740.0011 European War 1939/26333d: Telegram

The Second Secretary of Embassy in the Soviet Union (Thompson) to the Secretary of State

523. From General Hurley for the President.13 I returned to Moscow last night after 10 days at the front in the Stalingrad area. Oh my tour of this front I was accompanied by Lieutenant Colonel Richard Park, Jr., United States Army, Acting Military Attaché at Moscow, and Major John C. Henry of the Air Corps, United States Army, as aides.

All of the officials both political and military of the Red Army with whom we came in contact were uniformly courteous and cooperative. They seemed eager to give us the information we desired pertaining to their operations, their supply logistics and their strategy.

We have been told that we were the first officers of any foreign army to see actual combat operations on the Russian front from the Russian side. I am asking Lieutenant Colonel Park and Major Henry to prepare a detailed narrative report on our inspection and our observations for submission directly to G–214 of the Army unless you direct otherwise.

We entered the area reconquered in the present Russian offensive by which the city of Stalingrad and an enemy force estimated at 20 divisions is now completely encircled by crossing the Don River at Serafimovich.

At that point Soviet officers designated to accompany us, Colonel Alexander Rogov and Lieutenant Colonel Onmotinov, gave us the general outline of the area in which five Red armies made their initial attacks across the Don and the objectives of this first phase of their offensive. The offensive opened and has maintained a southward [Page 669] encircling corridor or salient from 60 to 120 kilometers in width. We followed this corridor southward inspecting each point of major battle operations and stopping for the first night at Zakharov.

We next proceeded in a southeasterly direction to the headquarters of the 21st Red Army spearhead of the attacking armies at Golubinskaya. At these headquarters General Chistyakov, Commander, and his staff gave us our first view of the maps of the battle area, details of the battle plan and a description of the engagements which had been fought in the area.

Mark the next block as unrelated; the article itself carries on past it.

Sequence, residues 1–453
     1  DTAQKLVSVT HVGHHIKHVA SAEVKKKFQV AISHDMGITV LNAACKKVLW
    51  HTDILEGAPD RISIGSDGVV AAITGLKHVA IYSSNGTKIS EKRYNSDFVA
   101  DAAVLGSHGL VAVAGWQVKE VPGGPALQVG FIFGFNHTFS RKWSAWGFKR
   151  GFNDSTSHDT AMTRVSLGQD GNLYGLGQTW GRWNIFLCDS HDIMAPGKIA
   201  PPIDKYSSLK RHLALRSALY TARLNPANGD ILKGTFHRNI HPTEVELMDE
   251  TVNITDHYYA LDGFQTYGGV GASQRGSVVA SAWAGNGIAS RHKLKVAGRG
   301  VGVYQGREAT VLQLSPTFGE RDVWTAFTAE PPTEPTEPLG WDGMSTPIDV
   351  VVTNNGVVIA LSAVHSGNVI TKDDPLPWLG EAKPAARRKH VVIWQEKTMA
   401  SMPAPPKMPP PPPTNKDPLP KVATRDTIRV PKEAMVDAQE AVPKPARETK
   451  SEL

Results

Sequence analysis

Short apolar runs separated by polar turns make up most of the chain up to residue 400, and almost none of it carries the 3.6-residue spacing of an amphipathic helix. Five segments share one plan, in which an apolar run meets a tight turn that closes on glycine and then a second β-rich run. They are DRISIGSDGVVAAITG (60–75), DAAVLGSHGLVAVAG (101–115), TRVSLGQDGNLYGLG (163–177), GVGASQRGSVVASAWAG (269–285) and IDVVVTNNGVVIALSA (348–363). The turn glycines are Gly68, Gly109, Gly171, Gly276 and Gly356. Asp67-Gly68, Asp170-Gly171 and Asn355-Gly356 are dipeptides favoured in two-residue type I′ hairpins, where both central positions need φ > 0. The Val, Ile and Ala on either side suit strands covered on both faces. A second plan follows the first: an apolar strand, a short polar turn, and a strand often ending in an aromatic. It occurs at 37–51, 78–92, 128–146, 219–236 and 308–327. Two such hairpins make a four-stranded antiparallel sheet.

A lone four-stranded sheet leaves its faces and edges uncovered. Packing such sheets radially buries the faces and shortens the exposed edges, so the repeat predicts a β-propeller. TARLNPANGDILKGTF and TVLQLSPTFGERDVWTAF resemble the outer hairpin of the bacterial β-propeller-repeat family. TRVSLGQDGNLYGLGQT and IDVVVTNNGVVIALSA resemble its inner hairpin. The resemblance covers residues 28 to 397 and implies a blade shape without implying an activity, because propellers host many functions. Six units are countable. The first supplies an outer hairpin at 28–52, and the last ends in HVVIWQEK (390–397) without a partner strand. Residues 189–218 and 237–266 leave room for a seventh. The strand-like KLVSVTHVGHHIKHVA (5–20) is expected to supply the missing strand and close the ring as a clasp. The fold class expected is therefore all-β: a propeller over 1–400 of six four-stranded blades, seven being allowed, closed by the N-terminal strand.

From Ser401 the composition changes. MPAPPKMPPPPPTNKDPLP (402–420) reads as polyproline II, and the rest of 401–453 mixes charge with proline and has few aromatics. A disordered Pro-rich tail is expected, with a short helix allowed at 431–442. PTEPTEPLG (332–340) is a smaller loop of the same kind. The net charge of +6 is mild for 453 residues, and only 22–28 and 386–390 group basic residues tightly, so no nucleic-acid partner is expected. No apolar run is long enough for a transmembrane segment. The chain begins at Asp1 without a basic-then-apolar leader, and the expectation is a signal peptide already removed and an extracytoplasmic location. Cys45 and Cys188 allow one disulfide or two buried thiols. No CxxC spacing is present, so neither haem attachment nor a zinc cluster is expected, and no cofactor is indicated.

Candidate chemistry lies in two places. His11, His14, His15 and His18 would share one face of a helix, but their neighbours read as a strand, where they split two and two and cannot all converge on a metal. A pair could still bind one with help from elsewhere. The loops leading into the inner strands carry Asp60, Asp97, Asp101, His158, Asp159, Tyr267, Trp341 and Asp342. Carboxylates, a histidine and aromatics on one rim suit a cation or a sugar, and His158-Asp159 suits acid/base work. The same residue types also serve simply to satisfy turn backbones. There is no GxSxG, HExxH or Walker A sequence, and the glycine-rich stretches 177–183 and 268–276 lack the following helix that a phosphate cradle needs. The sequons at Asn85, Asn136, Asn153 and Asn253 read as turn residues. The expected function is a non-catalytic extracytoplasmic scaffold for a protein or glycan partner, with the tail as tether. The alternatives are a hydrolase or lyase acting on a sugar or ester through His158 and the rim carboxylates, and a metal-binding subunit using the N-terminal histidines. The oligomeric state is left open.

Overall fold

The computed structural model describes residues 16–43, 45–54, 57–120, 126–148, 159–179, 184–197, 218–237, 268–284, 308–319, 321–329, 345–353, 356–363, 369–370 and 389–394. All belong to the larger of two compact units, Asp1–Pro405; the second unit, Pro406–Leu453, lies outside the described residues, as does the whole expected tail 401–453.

General Chistyakov detailed for us the precautions that were being: taken and the armies which were being employed in protecting the flanks of his salient. He gave us also considerable information regarding his transportation and supply problem. Because of unfavorable weather conditions he said that air strength had not taken any important part in the battle up to that time. He made clear, however, the important part which air strength was expected to play in the subsequent phase of destroying encircled enemy troops.

While we were at General Chistyakov’s headquarters a flight of 26 Junkers transport planes passed over in the direction of Stalingrad with the apparent mission of supplying the encircled German troops. Anti-aircraft fire was directed at them but at that point they appeared to be out of range.

Our next stop was at the headquarters of the 51st Guard Division, spearhead of the 21st Red Army attack, located at Sokarevka.

This division is commanded by Major General Tovartkaledze, 34 years old, who was a colonel when the attack was launched and had been promoted as a reward for the aggressiveness and skill he had demonstrated in handling his troops in battle. He has since been decorated.

In operating as the advance striking force of the 21st Army, the 51st Division had engaged in 12 days and nights of almost continuous fighting and had driven a distance of 120 kilometers into enemy occupied territory.

Generally speaking, this division drove past the enemy strong points, encircled them and attacked from the rear while the elements of the 21st Army attacked from in front. These tactics were employed successfully again and again throughout the entire distance of the advance.